What’s it like to be a volunteer in Cusco, Peru?
A typical day starts with breakfast with the family and out the door by 8:30 am when Patty, the kids’ Spanish teacher arrives for their five hour lesson. I walk along the mortar-less Inca walls towards the Plaza de Armas and observe the day beginning in the ancient Incan capital. The women who work at the produce market push carts with large sacks of fresh fruits and vegetables, a woman in indigenous dress hangs handbags and blouses outside her store and down one alley, a man relieves himself against ancient stones.
I pass by a busload of tourists waiting to visit the famous Korikancha and as I approach my work, the Centro de Textiles Traditionales de Cusco (CTTC), I say hello to the man who sells candy in front of the building and then I’m buzzed into the front entrance. There are about a dozen people who work in the main office which sits above the retail store and museum on Avenida El Sol, and I have to greet each one with a “Buenos dias” and a kiss on the cheek. My office is basically a picnic bench in a communal area that is frequently where indigenous women weave, crochet and spin yarn with their babies eyeing everything from the slings on their backs. The women are genial, speak a bit of Spanish and all smell like they’ve slept in a cornfield. Most of the mothers look like they are 15 years old and will drop everything and lift up their blouse to breastfeed when their babies start crying. Sometimes they let their infants crawl around on the dirty floor and I’ll occasionally be working when I feel a tug on my leg.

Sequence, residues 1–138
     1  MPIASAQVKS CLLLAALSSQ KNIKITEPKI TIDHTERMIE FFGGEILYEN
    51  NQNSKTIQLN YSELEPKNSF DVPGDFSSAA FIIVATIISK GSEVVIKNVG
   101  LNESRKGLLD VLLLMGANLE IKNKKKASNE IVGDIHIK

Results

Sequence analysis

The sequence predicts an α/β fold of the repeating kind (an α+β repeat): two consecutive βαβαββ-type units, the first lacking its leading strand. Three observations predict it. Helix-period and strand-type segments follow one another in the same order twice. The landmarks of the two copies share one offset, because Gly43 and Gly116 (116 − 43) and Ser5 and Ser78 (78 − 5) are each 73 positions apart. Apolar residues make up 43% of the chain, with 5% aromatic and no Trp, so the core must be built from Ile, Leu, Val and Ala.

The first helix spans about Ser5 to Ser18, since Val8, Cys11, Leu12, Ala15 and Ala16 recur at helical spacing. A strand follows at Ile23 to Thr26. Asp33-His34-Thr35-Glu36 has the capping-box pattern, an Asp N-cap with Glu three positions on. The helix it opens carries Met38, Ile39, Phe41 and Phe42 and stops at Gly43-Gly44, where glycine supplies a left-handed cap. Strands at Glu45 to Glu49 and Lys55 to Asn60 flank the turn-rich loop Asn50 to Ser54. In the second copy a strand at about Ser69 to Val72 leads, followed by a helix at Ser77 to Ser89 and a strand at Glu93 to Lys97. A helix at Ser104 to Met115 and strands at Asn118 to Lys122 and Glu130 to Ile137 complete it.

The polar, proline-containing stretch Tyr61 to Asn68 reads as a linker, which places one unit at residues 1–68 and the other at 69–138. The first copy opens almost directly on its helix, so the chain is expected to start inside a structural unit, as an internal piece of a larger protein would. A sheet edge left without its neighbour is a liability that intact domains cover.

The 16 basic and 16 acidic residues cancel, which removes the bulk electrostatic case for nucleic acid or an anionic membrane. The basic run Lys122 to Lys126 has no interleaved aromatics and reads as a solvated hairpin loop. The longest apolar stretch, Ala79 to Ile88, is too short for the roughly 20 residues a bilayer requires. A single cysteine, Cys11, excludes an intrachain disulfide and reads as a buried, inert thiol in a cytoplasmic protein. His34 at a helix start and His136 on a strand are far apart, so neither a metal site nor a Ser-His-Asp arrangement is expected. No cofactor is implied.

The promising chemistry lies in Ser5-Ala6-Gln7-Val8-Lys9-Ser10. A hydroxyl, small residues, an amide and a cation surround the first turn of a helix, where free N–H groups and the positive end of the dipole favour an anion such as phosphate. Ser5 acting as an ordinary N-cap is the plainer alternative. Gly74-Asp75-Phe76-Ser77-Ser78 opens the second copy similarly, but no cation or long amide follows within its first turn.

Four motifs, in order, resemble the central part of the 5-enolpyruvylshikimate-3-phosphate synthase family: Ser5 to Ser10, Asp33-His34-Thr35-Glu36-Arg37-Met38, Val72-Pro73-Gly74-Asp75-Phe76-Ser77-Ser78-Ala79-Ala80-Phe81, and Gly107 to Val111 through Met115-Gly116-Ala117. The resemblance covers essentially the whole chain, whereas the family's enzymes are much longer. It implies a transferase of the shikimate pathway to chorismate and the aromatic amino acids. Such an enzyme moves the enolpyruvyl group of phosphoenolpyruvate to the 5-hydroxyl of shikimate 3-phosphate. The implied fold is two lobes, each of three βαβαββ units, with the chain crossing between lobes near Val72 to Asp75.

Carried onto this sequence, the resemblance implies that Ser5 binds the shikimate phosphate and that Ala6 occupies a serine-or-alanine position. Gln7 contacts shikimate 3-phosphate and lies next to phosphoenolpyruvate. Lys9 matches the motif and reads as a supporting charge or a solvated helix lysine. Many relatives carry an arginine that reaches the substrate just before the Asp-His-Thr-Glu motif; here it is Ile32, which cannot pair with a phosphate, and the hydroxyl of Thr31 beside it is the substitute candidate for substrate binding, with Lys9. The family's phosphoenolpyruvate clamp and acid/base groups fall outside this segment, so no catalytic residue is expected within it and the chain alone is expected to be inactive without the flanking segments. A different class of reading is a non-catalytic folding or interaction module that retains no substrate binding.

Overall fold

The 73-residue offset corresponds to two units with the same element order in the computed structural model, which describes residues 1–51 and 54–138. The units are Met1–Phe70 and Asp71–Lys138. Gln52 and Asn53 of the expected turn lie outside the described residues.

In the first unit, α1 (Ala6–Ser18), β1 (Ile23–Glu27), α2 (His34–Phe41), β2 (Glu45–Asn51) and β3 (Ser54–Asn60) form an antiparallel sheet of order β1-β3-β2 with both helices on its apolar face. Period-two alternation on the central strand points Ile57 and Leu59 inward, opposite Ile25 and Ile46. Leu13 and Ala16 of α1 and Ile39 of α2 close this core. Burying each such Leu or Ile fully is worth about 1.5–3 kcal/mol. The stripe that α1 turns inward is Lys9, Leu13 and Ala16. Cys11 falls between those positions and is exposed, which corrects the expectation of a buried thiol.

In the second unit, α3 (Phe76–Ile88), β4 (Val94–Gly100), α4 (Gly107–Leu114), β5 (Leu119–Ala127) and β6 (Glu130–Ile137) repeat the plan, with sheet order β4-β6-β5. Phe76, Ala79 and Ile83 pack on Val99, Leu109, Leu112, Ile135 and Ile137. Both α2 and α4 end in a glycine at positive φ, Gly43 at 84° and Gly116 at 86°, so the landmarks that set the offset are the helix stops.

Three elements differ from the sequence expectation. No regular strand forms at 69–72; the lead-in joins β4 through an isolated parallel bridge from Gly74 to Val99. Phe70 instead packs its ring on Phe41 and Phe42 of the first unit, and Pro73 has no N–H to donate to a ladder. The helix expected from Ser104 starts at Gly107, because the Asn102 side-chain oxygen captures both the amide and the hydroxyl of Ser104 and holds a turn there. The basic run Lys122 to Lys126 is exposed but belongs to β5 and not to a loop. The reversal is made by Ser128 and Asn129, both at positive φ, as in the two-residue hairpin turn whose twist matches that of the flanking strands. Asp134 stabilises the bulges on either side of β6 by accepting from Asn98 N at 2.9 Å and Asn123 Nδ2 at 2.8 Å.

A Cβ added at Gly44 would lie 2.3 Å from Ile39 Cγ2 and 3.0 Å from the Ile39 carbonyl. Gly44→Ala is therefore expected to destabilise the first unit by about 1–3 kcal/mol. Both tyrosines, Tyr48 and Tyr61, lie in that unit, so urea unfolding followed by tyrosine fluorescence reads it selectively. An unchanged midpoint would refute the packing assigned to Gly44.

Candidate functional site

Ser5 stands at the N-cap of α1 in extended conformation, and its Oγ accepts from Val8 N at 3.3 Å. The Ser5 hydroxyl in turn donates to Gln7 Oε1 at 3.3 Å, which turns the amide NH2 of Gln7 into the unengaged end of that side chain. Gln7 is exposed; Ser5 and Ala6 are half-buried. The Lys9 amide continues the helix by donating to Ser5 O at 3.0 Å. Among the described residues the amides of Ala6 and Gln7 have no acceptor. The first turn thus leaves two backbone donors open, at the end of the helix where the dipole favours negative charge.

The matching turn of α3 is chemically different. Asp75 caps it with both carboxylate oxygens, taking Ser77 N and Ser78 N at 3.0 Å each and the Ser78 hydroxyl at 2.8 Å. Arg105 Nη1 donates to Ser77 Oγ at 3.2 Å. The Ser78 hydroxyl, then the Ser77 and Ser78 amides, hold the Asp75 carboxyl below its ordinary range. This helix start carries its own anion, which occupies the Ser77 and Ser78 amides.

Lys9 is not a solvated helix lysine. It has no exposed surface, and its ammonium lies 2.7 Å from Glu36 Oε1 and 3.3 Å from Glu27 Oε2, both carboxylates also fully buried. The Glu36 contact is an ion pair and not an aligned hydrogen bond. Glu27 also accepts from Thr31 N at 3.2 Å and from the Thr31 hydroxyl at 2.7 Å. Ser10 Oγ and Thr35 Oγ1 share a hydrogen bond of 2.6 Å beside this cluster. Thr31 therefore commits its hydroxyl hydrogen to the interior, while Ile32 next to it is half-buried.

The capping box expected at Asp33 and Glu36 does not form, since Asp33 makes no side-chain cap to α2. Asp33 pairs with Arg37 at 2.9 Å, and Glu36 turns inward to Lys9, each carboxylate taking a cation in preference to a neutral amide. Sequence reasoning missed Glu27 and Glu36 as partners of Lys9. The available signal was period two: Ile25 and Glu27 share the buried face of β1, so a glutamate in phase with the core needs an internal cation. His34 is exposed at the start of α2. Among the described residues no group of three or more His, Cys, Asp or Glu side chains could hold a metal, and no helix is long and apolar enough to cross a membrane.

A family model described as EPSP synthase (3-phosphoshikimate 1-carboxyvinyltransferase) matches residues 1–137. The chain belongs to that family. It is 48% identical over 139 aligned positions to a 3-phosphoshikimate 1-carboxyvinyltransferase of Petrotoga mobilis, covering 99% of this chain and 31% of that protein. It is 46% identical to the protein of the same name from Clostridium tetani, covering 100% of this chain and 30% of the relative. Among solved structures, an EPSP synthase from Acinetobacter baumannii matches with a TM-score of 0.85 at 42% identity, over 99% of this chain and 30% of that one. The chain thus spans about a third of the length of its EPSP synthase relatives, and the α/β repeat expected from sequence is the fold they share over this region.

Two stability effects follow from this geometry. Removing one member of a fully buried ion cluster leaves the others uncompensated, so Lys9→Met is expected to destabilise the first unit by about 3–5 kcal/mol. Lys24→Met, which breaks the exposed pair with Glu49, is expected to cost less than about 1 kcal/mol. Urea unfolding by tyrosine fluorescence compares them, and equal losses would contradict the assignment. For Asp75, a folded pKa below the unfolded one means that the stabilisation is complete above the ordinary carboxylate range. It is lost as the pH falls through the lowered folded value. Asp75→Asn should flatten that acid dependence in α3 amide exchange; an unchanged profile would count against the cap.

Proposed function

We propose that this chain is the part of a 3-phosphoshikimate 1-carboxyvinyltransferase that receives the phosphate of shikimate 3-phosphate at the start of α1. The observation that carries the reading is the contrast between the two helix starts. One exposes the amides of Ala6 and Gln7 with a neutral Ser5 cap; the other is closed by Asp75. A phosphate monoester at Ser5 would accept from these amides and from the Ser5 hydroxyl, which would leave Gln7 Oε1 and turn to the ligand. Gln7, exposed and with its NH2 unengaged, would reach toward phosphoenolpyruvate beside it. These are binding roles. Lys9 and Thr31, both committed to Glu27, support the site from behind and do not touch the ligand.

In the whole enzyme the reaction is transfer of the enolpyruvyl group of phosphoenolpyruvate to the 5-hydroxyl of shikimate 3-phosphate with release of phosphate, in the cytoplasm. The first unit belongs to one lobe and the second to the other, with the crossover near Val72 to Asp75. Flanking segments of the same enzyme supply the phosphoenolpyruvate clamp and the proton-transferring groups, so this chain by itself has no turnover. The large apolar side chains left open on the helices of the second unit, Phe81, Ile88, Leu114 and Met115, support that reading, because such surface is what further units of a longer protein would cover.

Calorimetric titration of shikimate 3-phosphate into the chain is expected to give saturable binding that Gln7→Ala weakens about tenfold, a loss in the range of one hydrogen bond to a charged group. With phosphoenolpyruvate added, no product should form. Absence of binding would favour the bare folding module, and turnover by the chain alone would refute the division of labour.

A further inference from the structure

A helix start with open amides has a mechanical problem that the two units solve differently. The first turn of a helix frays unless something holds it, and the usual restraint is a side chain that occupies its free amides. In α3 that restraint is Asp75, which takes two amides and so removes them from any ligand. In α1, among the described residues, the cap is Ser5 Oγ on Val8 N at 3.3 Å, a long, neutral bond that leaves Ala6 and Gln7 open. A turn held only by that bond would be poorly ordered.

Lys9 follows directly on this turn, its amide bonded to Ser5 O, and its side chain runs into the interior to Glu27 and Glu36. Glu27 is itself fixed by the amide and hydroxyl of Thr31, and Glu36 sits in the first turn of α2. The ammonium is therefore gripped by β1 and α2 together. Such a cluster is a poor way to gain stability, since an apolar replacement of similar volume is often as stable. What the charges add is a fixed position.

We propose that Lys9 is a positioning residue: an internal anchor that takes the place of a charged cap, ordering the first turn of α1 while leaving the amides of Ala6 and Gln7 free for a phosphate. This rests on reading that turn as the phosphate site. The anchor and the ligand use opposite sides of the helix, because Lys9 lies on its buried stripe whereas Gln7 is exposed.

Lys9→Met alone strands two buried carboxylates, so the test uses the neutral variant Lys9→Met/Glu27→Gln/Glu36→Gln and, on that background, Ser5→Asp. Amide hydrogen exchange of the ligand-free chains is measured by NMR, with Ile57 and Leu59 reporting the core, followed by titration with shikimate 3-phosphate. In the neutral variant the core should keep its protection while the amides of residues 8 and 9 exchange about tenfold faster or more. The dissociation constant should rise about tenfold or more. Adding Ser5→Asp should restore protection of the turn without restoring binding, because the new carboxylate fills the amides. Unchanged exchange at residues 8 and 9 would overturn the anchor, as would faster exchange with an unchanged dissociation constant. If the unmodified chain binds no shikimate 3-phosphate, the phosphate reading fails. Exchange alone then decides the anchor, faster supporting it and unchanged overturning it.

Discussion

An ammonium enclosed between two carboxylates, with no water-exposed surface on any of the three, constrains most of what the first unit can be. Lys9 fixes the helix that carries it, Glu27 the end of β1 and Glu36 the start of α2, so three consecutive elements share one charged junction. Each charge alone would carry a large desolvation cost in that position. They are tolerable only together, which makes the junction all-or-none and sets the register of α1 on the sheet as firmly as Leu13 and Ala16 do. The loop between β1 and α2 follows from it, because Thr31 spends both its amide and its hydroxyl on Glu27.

I boot up my laptop and inevitably have to re-start the wireless internet router which dangles precariously from a loose nail high on the wall. I’ll then make some manzanillo tea from the tea and coffee station outside the Director’s office. Since I typically leave by early afternoon each day, Jenny or Paula usually come by to tell me what I’ve missed the previous afternoon. My main project is to budget a large conference for weavers that the CTTC wants to host. Everything they want to plan is in a large spreadsheet on my laptop, and every time there is a change of plan, I have to make sure that it is reflected in the budget.
By mid-morning, I’ve done a little work and had a 5-10 minute chat with most of my co-workers and I go outside and walk around the corner to the bakery and buy a dozen warm onion rolls, fresh from the oven. I’ll lay them out in the communal area and they will quickly disappear.
Much of my work is impromptu projects that require financial analysis. Jenny will often come by with a request, like “Senor Jason, we have to ask for money and the foundation wants financial statements. Can you do this?” or “We need an insurance policy for our antique textile collection, but we have no idea how much it should be…can you help us?” The combination of my budgeting work for the weavers’ conference and requests like these always keep me busy.
By one or two O’clock my day is done and pack up my laptop, say my “hasta luegos” and start walking home to my apartment. Typically I will pick up some bread at the bakery or some causa (a delicious savory, potato pie filled with chicken and avocado) at a deli around the corner. As I walk into our apartment for our late lunch, Patty is wrapping up Spanish class with the kids. So goes another working day for a volunteer in Cusco.